Due to several factors, including data quality across provinces (completeness and delays to remove retired health workers), comparison based on observed densities is not conservative. Therefore, we modeled the health workforce densities adjusting for infrastructure availability, type of existing referral hospital, and calendar months. Thus, to estimate health worker availability, we computed the HWD for each district time-point (month) using the number of health workers and the district population for the year of interest, multiplied by 100 000. We performed a generalized estimation equation (GEE) linear regression model with robust standard errors, a first-order autoregressive (AR1) working correlation matrix, and clustering at the district level to model the HWD [22]. Given the high skewness to the right of the density and to allow interpretation of the association on a multiplicative scale, outcomes were log-transformed. After examining the correlation matrix between successive time periods, the working correlation structure was determined (Additional file 1: model equations). Because Mozambique follows a calendar year budgetary cycle (January to January), typically, the first quarter has fewer personnel contracts; therefore, we accounted for seasonal-time effects by adding months as dummy indicators. We added a linear-spline term to accommodate hidden deviation, allowing trends to differ before and after January 2018, to estimate trends before and after this cut-off. This cut-off was preferred as it matches the beginning of a period of acute budget restrictions—from the International Monetary Fund, bilateral, and multilateral donors—to hire new health workers because of the debt scandal. Infrastructure availability was centered at one health facility per ten thousand people to allow a meaningful intercept interpretation. We let each province have its own trajectory by adding an interaction term between time and province before and after 2018. Physicians, nurses, MCH-N, and CHWs densities were also assessed individually following a similar approach. The ratio of males to females and its trend before and post-2018 was estimated using a logistic regression model performed under GEE and accounting for clustering, autocorrelations of errors, secular trends, and existing district type of referral hospital.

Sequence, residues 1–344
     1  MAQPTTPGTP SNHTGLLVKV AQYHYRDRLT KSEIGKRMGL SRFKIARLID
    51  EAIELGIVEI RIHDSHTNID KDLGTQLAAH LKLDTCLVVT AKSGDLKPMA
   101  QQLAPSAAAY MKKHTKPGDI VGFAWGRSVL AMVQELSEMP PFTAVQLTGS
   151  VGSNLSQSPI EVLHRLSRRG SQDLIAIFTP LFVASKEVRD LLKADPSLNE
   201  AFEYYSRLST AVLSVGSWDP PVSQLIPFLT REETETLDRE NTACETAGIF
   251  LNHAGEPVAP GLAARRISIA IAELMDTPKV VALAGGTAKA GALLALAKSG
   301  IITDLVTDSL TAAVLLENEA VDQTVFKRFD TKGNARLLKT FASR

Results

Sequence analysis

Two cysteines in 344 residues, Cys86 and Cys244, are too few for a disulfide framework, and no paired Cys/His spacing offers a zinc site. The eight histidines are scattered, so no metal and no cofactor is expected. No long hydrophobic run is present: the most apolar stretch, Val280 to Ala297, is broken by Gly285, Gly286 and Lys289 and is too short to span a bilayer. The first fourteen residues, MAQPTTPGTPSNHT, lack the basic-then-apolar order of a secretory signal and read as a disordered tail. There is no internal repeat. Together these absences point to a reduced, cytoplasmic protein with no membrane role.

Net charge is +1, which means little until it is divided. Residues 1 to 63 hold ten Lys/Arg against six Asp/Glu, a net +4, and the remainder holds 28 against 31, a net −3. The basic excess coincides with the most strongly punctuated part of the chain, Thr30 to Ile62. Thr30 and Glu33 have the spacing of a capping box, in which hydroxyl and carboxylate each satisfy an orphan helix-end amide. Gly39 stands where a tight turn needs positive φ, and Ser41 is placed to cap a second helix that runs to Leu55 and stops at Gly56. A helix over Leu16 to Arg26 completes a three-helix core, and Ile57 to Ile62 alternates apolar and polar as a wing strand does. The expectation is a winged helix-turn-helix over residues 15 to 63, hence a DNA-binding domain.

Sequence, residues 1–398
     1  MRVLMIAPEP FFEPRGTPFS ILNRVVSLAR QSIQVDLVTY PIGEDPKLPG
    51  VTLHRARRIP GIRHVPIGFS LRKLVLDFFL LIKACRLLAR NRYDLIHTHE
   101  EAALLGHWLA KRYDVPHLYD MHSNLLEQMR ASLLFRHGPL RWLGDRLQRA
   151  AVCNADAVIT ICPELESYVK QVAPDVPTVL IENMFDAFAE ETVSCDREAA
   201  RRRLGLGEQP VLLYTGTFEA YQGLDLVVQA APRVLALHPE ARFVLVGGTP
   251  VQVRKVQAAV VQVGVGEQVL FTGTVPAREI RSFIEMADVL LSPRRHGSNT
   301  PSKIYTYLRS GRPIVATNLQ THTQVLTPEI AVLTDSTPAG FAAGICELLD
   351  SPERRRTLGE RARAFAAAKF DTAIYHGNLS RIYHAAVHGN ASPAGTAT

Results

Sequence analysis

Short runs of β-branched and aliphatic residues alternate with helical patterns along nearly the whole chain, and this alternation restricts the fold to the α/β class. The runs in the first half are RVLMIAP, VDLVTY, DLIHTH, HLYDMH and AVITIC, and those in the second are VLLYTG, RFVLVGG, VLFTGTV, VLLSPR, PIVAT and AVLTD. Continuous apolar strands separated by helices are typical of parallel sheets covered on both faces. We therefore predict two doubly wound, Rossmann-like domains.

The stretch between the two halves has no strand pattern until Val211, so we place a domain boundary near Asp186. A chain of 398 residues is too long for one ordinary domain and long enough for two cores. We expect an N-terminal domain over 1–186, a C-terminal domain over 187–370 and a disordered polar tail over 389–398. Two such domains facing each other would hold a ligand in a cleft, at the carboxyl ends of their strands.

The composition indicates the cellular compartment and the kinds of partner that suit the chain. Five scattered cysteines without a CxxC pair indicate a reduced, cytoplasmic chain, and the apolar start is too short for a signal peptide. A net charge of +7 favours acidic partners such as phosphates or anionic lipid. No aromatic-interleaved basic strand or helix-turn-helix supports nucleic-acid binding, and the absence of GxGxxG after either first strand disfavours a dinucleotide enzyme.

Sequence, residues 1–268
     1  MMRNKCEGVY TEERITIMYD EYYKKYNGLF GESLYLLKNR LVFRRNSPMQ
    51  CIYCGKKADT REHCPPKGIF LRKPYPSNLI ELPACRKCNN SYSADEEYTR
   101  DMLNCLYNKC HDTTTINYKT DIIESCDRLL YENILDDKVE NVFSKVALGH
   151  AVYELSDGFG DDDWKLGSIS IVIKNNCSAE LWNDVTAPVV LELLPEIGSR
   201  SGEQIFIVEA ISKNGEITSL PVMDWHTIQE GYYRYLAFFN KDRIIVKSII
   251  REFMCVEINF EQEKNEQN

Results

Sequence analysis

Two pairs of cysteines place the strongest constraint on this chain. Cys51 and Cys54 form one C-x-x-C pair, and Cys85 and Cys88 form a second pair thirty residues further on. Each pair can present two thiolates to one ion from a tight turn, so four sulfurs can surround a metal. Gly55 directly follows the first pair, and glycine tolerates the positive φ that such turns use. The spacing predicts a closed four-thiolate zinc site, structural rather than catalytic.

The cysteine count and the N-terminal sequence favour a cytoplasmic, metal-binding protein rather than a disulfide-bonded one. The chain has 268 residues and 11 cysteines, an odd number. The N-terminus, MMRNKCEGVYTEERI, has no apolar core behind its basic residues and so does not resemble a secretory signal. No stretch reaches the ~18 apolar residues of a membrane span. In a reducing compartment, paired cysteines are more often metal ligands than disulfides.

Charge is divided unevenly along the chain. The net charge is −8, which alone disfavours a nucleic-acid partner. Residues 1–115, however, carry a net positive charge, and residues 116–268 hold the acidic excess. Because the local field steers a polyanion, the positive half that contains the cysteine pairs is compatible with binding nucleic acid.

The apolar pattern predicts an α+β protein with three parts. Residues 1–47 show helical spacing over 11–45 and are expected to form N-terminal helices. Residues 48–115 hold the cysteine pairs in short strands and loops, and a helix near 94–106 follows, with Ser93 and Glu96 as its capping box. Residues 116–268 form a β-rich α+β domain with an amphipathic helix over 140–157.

We repeated the analysis using linear mixed-effect models [23, 24]. Overall, the two models provided approximate results, with the GEE being more conservative. All analyses were performed in R version 4.0.3 [25]. We used a model-based approach to estimate densities and the uncertainty (95% confidence intervals) rather than reporting the densities from the raw data for several reasons, including (i) exclusion of around 5% of the total health workers; (ii) human resources databases being prone to delays to removing deceased or retired health workers, and (iii) need to adjusting for critical variables and estimate differences between and within provinces.



At the baseline (January 2016), Mozambique had 22 011 health workers who fulfilled the study criteria, of whom 10 405 (47.3%) were male. The mean age was 35 years (SD: 9.4). Physicians (1025, 4.7%), MCH-N (4808, 21.8%), and nurses (6402, 29.1%) together represented roughly 55% of the total study sample. Overall, 19 455 (88.4%) of the health workers were government paid. Furthermore, at baseline, there were 3122 CHWs, of whom 72.8% were male (Table 2).

Table 2 Baseline health worker characteristics in Mozambique (January 2016)

HRH availability and distribution